Multilingual clock

I plan to make a tool that will show how to tell the time in many different languages. It will function something like the one here, and will probably use Flash.

I’ve started gathering translations, as you can see in this spreadsheet. Can you help by adding other languages, and by making recordings?

The recordings don’t need to be of every phrase in the spreadsheet, but of enough parts of phrases so that I’ll be able to splice them together. If you can help, please send your contributions to feedback[at]omniglot[dot]com.

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This entry was posted in Language.

14 Responses to Multilingual clock

  1. Rick says:

    Just a note: You have the midday and midnight entries reversed for Italian, Portuguese, and Spanish.

  2. Nikki says:

    And in German, ‘ten’ is ‘zehn’ (so C38-41 need correcting)

  3. Jim Morrison says:

    Nice idea,
    What format do you want the audio in?
    So do you want each sentence to be recorded in its own audio file or all sentences in one long file?
    I’ll ask my girlfriend to do Catalan for you.
    Jim

  4. Simon says:

    Jim – I prefer mp3 format for audio, but other formats are ok. The phrases can be recorded in a single file or seperately – whichever is easier.

  5. In Portuguese, all the times whose hour count is higher than one need to be horas, not hora.
    Also: meia-noite; da tarde.

  6. Guy Tabachnick says:

    I’d gladly contribute Modern Hebrew.

  7. Mariana Yaneva says:

    Hi Simon,

    I’d be glad to contribute with Bulgarian, but I see it is not required at the moment.

    Cheers,
    Mariana Yaneva

  8. Ken says:

    I can contribute in Tagalog … but we normally tell time using Spanish expressions … using native Tagalog expressions would sound awkward and unnatural in normal conversations. But I’ll contribute them anyway.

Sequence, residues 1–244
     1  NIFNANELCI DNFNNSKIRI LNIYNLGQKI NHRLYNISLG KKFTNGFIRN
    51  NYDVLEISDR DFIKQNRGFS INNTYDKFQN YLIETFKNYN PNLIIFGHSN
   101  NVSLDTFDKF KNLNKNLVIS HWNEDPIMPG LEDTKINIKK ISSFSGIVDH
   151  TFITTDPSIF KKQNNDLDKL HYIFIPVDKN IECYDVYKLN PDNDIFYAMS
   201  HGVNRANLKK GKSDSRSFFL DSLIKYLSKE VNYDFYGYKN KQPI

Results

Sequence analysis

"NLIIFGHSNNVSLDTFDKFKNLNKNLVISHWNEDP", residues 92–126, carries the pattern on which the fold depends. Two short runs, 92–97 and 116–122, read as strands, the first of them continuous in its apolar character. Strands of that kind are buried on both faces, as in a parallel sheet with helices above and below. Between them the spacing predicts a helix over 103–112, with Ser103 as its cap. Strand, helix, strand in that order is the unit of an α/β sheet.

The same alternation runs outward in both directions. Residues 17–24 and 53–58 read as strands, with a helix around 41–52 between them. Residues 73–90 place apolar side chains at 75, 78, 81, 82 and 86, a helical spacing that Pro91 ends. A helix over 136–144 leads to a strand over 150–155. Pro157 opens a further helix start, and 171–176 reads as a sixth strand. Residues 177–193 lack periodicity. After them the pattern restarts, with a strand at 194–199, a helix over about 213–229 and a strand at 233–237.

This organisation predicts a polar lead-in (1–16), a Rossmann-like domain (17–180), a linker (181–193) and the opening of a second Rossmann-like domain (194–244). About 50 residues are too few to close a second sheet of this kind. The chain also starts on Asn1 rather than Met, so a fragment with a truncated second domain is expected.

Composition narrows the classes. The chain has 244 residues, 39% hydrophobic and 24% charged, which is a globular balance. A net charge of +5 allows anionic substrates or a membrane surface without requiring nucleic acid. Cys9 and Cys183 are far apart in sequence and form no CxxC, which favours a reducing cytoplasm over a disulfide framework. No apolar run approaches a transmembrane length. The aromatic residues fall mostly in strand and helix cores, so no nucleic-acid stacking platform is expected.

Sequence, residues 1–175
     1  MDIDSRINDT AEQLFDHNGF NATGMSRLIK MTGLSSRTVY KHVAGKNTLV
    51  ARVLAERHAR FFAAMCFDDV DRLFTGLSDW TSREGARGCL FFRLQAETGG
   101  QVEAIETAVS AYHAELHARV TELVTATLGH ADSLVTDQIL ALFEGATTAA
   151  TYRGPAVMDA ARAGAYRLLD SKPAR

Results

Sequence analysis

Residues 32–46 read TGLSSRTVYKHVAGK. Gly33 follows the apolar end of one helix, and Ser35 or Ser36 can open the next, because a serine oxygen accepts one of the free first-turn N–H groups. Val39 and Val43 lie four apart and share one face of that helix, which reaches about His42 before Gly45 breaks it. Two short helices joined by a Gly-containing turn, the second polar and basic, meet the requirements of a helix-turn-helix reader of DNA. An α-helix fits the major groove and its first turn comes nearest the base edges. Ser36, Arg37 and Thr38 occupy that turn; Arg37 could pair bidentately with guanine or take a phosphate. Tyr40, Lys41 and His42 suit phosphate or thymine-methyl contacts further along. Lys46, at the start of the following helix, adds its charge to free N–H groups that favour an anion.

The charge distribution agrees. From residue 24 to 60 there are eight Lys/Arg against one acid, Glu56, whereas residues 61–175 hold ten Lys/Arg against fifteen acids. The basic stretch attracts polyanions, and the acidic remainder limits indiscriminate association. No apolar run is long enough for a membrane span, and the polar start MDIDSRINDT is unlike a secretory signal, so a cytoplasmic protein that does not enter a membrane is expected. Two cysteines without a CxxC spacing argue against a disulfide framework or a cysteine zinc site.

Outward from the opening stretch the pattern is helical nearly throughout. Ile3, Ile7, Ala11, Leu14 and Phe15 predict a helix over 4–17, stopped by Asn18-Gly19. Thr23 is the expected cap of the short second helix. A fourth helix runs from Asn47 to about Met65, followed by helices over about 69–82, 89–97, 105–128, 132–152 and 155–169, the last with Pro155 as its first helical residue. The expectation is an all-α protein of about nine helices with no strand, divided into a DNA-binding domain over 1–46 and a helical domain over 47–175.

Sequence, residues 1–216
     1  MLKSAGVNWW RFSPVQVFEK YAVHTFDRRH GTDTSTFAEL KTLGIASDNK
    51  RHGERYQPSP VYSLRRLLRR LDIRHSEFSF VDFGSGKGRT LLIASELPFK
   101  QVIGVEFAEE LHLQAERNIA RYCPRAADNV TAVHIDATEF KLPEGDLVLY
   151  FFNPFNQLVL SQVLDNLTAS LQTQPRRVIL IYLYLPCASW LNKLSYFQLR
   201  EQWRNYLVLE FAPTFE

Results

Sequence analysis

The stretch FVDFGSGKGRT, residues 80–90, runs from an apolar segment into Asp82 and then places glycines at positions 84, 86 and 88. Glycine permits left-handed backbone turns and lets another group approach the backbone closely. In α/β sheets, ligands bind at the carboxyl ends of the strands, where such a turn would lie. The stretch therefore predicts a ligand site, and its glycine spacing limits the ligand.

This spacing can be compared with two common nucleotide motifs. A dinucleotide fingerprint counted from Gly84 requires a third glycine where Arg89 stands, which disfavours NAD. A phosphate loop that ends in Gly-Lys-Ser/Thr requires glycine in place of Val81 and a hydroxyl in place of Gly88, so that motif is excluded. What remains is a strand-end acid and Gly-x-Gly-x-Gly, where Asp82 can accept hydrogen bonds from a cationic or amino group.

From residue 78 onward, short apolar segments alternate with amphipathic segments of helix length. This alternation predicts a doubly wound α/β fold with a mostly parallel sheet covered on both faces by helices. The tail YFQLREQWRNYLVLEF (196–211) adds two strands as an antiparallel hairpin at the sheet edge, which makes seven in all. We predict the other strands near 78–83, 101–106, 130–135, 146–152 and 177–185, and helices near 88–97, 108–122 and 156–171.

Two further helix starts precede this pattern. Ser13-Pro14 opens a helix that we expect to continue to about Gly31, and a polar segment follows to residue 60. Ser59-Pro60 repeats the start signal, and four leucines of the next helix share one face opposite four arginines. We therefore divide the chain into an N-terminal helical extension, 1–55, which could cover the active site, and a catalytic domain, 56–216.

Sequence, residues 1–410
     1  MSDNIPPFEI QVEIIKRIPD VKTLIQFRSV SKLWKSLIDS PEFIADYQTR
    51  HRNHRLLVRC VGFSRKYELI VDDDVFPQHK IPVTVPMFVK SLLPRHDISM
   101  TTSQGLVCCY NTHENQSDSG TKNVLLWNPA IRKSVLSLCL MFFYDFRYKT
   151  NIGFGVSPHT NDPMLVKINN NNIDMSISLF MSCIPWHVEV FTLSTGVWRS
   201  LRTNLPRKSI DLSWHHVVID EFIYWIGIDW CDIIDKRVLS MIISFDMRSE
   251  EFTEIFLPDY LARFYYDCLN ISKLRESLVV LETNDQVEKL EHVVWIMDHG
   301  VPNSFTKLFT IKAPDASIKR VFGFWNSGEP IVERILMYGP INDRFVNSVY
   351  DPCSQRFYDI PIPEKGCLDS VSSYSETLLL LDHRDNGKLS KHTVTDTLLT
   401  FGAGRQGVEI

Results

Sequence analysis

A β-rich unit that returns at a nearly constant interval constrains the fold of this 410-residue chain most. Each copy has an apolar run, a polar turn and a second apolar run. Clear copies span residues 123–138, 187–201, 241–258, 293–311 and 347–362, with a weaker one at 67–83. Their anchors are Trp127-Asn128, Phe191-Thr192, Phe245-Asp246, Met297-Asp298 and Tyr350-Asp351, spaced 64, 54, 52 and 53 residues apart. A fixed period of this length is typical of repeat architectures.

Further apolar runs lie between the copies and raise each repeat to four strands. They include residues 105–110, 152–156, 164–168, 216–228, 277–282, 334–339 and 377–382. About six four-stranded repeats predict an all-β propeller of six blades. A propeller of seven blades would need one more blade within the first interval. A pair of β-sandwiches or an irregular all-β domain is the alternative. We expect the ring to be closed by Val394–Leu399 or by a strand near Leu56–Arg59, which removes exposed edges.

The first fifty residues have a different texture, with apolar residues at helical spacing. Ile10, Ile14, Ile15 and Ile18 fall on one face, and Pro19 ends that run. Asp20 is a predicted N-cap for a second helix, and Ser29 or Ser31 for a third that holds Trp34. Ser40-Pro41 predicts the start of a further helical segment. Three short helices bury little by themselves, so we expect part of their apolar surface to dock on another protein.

9. Simon says:

    Hi Mariana, it would be great to have Bulgarian translations as well.

  10. Ewelina says:

    Hi Simon, I would like to add a Polish version but I don’t where I am supposed to send it. Could you help me…unless you have already got one
    thank you very much

  11. Simon says:

    Hi Ewelina, could you send the Polish version to me at feedback[at]omniglot[dot]com – (replace the [at] with @ and the [dot] with .). Thanks.

  12. Ewelina says:

    I know You have given the address:) but every time I try to send it I receive the return email saying that my email has been undelivered. I don’t want to make troubles so maybe do not worry about that…

  13. garance says:

    Simon. I never heard anybody say “il est douze heures” in French, not in the last sixty years. Maybe automatic reading clocks do that, but in normal conversation it would mark you as a foreigner. Of course twelve is douze, but people would keep to noon (midi moins le quart, midi, midi et demi) or midnight (minuit).
    Because French people like precision so much, they would always say “une heure du matin” for the start of the day etc. I guess for the same reason many French people tend to use 24 hours like the American army. Though it is common to say “une heure de l’apres-midi” or “huit heures du soir”, more often we would catch the news “a vingt heures” or come out of a meeting “vers quize heures” (around 3 p.m.)
    I love the project.
    This is a fun idea, as usual, good luck with it all

  14. In Spanish, the correct question is “¿qué hora es?” (not horas). Mediodía is correct, but most people nowadays would say “son las doce”. Also, you should correct the last row, it should be “de la noche” and not “de la tarde”. But then, there is always an argument about when does “tarde” and “noche” start :) 20:00 would be “ocho de la tarde” for some, but 21:00 is definitvely “nueve de la noche” for all speakers.